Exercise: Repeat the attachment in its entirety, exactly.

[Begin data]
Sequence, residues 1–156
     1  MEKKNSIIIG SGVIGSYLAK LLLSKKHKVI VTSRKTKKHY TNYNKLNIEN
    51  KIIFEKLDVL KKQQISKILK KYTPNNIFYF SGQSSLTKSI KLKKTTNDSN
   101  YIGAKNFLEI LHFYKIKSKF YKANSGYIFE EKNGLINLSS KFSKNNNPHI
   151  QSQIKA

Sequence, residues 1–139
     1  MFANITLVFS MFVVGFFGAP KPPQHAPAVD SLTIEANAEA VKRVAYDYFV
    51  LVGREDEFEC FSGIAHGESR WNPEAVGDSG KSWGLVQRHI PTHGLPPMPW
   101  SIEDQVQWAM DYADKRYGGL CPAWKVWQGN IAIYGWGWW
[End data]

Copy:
Sequence, residues 1–156
     1  MEKKNSIIIG SGVIGSYLAK LLLSKKHKVI VTSRKTKKHY TNYNKLNIEN
    51  KIIFEKLDVL KKQQISKILK KYTPNNIFYF SGQSSLTKSI KLKKTTNDSN
   101  YIGAKNFLEI LHFYKIKSKF YKANSGYIFE EKNGLINLSS KFSKNNNPHI
   151  QSQIKA

Sequence, residues 1–139
     1  MFANITLVFS MFVVGFFGAP KPPQHAPAVD SLTIEANAEA VKRVAYDYFV
    51  LVGREDEFEC FSGIAHGESR WNPEAVGDSG KSWGLVQRHI PTHGLPPMPW
   101  SIEDQVQWAM DYADKRYGGL CPAWKVWQGN IAIYGWGWW